Study finds sleep aid melatonin may boost memory and protect cognition

Melatonin, a hormone available in supplement form and often sold as a sleep aid, may boost long-term memory and help protect from cognitive decline over time, according to a new study out of Japan. The potential benefits were linked to melatonin and two metabolites that result from it called N1-acetyl-N2-formyl-5-methoxykynuramine (AFMK) and N1-acetyl-5-methoxykynuramine (AMK).

The new study comes from the Tokyo Medical and Dental University; it involved lab mice, not humans, but the researchers say the findings may also apply to people. The research involved mice faced with novel object recognition, which refers to presenting mice with new and familiar items and observing how they interact with them.

Mice are naturally curious and will spend more time exploring new objects than the ones they've seen before. This makes it possible to study memory in the mice — if they're presented with an object they've seen before, but they examine it as if it's new, the researchers can assume the mice have developed memory issues that mean they forgot they've seen the item before.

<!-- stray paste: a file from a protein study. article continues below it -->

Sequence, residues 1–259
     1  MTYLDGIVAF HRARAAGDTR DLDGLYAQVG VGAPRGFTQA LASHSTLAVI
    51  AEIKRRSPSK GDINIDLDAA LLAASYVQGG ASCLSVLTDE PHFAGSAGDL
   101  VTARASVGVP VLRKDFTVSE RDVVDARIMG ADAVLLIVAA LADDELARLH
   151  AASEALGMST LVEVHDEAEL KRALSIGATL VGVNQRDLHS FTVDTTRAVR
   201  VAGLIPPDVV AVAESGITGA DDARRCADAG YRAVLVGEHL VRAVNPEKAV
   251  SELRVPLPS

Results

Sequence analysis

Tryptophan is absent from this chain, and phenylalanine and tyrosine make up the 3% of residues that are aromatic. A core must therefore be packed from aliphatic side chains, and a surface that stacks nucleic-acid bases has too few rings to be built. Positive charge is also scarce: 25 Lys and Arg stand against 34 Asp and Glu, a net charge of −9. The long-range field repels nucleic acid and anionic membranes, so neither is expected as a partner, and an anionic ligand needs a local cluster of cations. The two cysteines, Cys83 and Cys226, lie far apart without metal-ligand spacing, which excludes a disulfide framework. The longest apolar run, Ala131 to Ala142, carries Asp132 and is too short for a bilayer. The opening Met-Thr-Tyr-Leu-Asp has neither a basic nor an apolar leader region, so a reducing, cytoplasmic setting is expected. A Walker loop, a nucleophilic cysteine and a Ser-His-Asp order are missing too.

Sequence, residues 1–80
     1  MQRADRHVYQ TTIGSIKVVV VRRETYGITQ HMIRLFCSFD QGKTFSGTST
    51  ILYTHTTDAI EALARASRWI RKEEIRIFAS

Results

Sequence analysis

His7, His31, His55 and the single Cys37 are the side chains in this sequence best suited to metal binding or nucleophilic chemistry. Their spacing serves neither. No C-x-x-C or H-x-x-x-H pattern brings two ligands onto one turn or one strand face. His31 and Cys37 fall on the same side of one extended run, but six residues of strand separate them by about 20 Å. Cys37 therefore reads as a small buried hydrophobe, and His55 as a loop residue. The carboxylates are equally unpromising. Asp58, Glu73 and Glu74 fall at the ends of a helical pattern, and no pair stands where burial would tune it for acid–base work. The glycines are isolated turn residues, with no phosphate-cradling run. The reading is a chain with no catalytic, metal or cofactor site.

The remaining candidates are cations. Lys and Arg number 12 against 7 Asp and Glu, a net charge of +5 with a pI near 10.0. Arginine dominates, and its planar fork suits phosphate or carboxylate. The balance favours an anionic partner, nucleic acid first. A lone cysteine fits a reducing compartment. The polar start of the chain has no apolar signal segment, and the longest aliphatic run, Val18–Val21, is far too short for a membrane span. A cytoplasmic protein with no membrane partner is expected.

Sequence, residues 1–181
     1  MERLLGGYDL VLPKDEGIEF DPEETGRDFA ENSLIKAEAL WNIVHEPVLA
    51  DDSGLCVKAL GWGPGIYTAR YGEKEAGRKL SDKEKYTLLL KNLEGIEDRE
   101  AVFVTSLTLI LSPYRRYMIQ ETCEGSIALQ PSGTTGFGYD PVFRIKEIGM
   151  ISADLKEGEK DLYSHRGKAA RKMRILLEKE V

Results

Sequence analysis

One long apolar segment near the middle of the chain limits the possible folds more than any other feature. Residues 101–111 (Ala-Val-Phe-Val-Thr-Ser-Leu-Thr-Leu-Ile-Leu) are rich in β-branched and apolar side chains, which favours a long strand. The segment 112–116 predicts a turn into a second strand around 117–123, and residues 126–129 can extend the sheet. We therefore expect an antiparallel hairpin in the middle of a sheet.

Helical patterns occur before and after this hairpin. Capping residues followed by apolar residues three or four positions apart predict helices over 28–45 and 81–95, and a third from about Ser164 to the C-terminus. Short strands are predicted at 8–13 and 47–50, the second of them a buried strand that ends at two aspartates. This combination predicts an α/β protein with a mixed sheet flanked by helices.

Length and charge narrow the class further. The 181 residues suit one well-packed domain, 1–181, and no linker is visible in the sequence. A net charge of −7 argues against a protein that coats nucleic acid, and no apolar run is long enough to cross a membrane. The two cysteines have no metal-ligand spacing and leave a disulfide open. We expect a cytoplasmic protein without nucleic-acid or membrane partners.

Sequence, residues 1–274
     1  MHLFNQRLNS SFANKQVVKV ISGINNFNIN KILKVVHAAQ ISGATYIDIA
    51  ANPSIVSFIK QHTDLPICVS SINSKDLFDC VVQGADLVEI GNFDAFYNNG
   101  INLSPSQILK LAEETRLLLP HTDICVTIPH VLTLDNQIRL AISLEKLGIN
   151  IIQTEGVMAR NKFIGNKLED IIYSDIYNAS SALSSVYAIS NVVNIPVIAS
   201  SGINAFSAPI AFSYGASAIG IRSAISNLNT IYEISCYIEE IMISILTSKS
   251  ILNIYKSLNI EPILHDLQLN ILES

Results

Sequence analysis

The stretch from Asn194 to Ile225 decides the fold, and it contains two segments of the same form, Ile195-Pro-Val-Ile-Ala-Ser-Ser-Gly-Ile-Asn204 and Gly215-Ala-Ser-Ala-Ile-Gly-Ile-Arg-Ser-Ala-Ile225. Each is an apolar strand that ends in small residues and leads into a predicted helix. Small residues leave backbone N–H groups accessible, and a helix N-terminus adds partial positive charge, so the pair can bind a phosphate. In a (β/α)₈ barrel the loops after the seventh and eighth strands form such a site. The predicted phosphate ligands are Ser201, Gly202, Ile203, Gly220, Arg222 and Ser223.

When it comes to melatonin, the body breaks down the hormone into molecules called metabolites. The researchers studied the effects of these metabolites, which are present in the brain, and whether they have an effect on cognition. Using mice to evaluate this, mice were presented with objects to get them familiar with the items, then given melatonin and its two metabolites an hour later.

The next day, the mice were presented with the same objects and the researchers observed memory improvements in the rodents. A single dose of the metabolite AMK given 15 minutes after exposing older, memory-impaired mice to objects enabled them to remember those items up to four days after the test.

When blocking the formation of the AMK metabolite from melatonin in the brain, the researchers also found that it wasn't possible to get the same long-term memory enhancement. All ages of mice benefited from melatonin. Additional research is necessary to determine whether melatonin can have the same effect in humans.